Fed Stymied, Needs Congress’ Help to Spur Economic Growth
For the most part US Fed officials have opinions on hot-button issues of the day but do not comment publicly..
But, since the US monetary policy makers are knowledgeable about what is good for the economy, their views on subjects such as immigration, trade and education policy are worth listening up to.
3 of them spoke in St. Louis Friday to the Official Monetary and Financial Institutions Forum, where there were lots of questions about the the Fed’s latest thinking on interest rates.
If you are concerned about the longer-term health of the economy such questions aren’t especially enlightening. The headlines after recent Fed meetings, has been “Fed leaves policy unchanged.”
In fact, there’s a growing sense that the Fed has done nearly all it can to stabilize the economy, and are out of ‘tools.”
St. Louis Fed President James Bullard, Dallas Fed President Robert Kaplan and Minneapolis Fed President Neel Kashkari all buy into that basic story.
If we’re going to move the economy out of its slow-growth rut, other policymakers will have to take the initiative, meaning they are looking at Congress to lead.
The Big Q: Where would these 3 savvy central bankers start?
Mr. Bullard suggested that the nation could benefit from “a coherent macro-oriented immigration policy.” He cited the example of Canada’s points system, which gives skilled immigrants a priority.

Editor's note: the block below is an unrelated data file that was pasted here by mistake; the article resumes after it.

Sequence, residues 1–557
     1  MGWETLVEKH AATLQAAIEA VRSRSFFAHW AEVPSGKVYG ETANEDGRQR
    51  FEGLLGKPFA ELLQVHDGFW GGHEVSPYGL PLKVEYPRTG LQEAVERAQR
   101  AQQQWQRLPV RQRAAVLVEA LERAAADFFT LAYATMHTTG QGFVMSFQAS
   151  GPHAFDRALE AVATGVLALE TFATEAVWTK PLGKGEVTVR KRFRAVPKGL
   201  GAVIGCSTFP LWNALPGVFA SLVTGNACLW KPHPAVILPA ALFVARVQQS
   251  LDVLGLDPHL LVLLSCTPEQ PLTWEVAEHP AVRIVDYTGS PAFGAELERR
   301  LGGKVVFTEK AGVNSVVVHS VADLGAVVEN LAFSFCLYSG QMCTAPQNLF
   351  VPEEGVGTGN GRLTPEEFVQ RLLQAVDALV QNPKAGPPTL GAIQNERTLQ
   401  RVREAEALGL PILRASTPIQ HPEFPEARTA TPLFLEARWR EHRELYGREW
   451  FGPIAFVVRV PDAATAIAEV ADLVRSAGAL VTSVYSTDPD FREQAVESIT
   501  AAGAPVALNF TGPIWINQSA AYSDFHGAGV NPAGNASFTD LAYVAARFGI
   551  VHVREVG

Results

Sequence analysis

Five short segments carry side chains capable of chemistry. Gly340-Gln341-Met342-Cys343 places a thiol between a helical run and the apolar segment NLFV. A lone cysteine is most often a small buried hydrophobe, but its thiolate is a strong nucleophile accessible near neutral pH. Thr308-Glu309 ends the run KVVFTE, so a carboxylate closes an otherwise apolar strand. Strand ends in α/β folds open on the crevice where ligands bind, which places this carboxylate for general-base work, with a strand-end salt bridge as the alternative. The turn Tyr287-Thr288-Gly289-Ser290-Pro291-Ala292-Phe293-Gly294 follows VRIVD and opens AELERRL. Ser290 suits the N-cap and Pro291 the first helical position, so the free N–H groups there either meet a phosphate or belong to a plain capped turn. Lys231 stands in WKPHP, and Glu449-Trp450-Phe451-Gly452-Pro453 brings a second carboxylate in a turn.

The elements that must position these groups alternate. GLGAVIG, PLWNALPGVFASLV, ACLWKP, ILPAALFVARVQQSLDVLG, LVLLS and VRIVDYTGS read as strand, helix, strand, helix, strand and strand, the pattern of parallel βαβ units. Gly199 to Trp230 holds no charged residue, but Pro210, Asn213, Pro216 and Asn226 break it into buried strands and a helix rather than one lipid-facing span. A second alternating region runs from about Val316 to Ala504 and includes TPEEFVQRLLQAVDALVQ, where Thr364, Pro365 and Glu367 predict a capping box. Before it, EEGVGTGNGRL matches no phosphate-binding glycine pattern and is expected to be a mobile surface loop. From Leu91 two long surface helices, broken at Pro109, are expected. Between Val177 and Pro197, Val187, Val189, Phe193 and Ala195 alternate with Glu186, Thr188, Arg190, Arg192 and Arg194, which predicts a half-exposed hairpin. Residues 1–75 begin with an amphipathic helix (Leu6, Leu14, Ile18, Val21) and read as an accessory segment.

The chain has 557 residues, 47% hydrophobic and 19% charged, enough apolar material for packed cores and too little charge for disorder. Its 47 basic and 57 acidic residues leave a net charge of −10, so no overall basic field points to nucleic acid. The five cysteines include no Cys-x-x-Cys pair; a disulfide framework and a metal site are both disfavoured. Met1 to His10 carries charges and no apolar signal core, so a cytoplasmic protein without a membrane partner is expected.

“That would be a very positive way to look at immigration compared to the way it’s often described,” he said. “It is a fantastic thing that people want to come to your country. We should channel all that energy to get good macroeconomic outcomes.”
Those workers, he said, often blame globalization for job losses that are brought on by technology. “More than at any time in my career, it’s hard for me to think of an industry that is not being disrupted,” he said. “Amazon is probably a more ferocious threat to people’s jobs than China.”
The problem is that disrupted workers have difficulty finding new jobs. “We aren’t doing a very good job of vocational training,” Mr. Kaplan said. “The system is not working for people. The onus is on leaders to explain what’s going on and develop programs … that help people make the adjustment.”
Mr. Kashkari mostly stuck to monetary issues in his remarks here, but he has previously mentioned immigration as a boon to the economy. In a sense, it is unusual for the apolitical Fed presidents to be speaking about issues that are so politically divisive.
Mr. Bullard argues that they would not be doing their jobs if they were silent on subjects such as immigration and trade. He recently published a much-discussed paper postulating that the US is stuck with below average growth for the foreseeable future.
“Central bankers have said we need help, we need people to understand what we can do and what we cannot do,” Mr. Bullard said Friday. “Maybe this kind of framework will put the spotlight on that. These are the fundamentals, and the fundamentals have to change before we get better economic outcomes.”
The Fed has played the role of Superhero for the past 8 years, fighting crisis and recession while Congress has been deadlocked on important issues. It is time, these Fed insiders argue, to give the Superhero some help.
Have a terrific weekend.
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